The science of astronomy spans vast scales of space and time, from individual atoms to entire galaxies and from the universe’s beginning to the future fate of our Sun. In this course, we will survey some of the main ideas in modern astrophysics, with an emphasis on the physics of stars and galaxies. ASTR 111 is the first course in the Astrophysics and Astronomy major sequences. It is also appropriate for students planning to major in one of the other sciences or mathematics and for others who would like a quantitative introduction that emphasizes the relationship of contemporary physics to astronomy. Topics include gravity and orbits, radiation laws and stellar spectra, physical characteristics of the Sun and other stars, star formation and evolution, black holes, galaxies, the expanding universe, and the Big Bang. Students will also use telescopes remotely to observe stars, nebulae, planets, and galaxies and to make daytime observations of the Sun.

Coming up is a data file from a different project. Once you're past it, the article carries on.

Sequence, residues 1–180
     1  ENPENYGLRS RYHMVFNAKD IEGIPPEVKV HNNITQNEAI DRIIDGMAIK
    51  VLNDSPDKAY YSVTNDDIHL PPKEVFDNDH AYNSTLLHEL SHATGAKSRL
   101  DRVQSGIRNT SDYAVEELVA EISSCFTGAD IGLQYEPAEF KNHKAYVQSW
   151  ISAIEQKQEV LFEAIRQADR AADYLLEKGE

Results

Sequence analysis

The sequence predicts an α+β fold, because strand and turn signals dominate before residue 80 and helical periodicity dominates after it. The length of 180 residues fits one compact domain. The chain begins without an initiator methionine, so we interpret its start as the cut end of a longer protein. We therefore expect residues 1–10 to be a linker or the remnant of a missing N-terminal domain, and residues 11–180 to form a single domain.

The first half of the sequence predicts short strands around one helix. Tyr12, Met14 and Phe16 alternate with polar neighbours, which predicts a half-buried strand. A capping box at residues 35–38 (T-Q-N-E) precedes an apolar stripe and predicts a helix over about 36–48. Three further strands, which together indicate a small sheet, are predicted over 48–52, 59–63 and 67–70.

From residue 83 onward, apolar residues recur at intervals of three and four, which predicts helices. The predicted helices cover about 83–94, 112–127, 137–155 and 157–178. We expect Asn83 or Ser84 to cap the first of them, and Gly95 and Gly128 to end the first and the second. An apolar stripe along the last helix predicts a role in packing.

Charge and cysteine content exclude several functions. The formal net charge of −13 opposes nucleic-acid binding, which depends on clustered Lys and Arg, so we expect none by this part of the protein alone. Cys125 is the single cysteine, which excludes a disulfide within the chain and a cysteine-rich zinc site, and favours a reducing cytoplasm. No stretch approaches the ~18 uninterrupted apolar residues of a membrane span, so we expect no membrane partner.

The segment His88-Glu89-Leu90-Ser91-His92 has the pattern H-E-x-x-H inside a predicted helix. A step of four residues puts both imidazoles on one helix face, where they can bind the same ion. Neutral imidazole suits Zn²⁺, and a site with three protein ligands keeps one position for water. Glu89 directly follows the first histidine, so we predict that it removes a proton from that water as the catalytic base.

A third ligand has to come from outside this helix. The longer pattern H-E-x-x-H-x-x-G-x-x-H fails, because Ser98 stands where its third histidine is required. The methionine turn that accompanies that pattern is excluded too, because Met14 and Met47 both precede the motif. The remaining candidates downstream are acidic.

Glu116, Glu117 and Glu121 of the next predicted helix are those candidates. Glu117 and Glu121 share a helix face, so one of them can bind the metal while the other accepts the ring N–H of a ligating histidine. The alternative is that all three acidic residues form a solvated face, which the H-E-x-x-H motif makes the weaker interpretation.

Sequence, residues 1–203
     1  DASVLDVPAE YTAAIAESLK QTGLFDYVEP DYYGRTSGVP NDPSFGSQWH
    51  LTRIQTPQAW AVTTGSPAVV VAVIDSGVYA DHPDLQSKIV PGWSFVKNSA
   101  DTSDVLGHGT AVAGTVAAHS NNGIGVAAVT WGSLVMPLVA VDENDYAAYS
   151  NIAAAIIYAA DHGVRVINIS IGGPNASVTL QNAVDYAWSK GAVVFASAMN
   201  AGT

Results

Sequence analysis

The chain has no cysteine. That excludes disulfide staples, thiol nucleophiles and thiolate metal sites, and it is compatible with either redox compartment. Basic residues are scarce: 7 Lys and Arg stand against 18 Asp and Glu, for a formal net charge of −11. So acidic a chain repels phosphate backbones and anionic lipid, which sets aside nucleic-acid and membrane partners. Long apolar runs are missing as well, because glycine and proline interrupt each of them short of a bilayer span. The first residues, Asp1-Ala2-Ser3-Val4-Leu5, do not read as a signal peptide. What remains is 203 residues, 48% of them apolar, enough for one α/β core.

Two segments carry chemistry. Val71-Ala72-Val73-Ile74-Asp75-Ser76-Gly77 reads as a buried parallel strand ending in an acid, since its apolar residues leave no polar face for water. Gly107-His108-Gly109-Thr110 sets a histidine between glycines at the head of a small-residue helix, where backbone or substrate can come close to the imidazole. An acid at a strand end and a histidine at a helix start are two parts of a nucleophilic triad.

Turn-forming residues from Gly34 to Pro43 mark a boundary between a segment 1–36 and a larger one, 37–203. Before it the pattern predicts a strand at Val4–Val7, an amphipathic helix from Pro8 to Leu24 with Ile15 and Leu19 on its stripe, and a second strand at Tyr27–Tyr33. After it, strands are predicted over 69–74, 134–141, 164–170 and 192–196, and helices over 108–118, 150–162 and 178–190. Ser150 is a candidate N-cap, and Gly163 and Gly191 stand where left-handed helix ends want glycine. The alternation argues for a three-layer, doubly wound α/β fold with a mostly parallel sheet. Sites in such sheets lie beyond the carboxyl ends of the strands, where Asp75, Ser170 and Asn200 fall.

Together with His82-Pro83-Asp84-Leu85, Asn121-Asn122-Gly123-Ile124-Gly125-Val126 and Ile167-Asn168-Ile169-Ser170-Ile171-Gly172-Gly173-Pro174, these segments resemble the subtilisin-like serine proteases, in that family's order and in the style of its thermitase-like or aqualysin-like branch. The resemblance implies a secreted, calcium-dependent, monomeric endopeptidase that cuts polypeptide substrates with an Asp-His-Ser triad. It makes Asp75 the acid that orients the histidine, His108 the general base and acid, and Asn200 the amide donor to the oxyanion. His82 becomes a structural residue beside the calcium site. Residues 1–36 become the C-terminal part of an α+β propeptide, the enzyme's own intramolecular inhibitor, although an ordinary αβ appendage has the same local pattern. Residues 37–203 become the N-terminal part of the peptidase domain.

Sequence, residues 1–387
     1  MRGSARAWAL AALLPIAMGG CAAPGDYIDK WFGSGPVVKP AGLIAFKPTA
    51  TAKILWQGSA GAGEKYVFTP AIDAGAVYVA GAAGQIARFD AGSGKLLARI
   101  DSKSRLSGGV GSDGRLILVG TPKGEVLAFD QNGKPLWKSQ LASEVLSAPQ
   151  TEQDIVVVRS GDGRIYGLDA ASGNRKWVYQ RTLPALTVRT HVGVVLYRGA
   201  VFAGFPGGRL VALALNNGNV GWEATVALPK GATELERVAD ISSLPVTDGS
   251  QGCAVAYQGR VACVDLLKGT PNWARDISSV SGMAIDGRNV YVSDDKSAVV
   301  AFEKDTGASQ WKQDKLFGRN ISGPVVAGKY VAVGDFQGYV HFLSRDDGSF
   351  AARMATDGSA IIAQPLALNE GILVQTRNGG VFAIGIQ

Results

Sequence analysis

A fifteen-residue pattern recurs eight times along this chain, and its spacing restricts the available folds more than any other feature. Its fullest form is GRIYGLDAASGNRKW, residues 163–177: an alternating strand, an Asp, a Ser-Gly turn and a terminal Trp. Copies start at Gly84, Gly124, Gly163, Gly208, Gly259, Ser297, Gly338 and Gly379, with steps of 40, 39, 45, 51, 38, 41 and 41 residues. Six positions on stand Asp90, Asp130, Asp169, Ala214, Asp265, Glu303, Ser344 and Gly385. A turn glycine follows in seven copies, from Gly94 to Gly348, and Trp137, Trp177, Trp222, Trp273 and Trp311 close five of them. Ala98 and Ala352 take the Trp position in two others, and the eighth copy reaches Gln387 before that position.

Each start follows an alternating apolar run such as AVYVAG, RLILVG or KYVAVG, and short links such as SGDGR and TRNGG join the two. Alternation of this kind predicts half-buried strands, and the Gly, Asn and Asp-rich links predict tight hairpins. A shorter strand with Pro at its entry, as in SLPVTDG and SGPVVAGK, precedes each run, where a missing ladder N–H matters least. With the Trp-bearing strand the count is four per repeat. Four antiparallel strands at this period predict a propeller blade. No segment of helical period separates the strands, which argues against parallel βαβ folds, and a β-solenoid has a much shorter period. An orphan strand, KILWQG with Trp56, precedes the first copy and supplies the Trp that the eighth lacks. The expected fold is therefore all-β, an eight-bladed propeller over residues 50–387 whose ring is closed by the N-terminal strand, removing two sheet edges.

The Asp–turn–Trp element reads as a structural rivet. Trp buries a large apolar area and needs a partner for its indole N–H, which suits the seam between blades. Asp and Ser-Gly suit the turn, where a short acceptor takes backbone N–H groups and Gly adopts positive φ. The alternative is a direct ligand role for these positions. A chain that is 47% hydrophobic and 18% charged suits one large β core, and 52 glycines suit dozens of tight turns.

Format: lecture/laboratory; This is a hybrid course. Lectures will be provided both in-person and for remote viewing. Students will work in small groups on discussions and calculations. Each group can choose to meet remotely or in class. Students can switch groups, and groups can switch format, as needed. Prof. Jaskot will meet with remote groups during their discussion to answer questions. The class has 6 afternoon labs, with both in-person and remote options. Remote observing sessions will occur throughout the semester.
Grading: yes pass/fail option,
yes fifth course option
weekly problem sets, one hour-long test, a final project, lab reports, and an observing portfolio
a year of high school Physics, concurrent college Physics, or permission of instructor, and MATH 140 or equivalent
potential Astronomy majors
The course requires regular problem sets and quantitative assignments. The course will emphasize how physical equations explain the observed properties of the universe.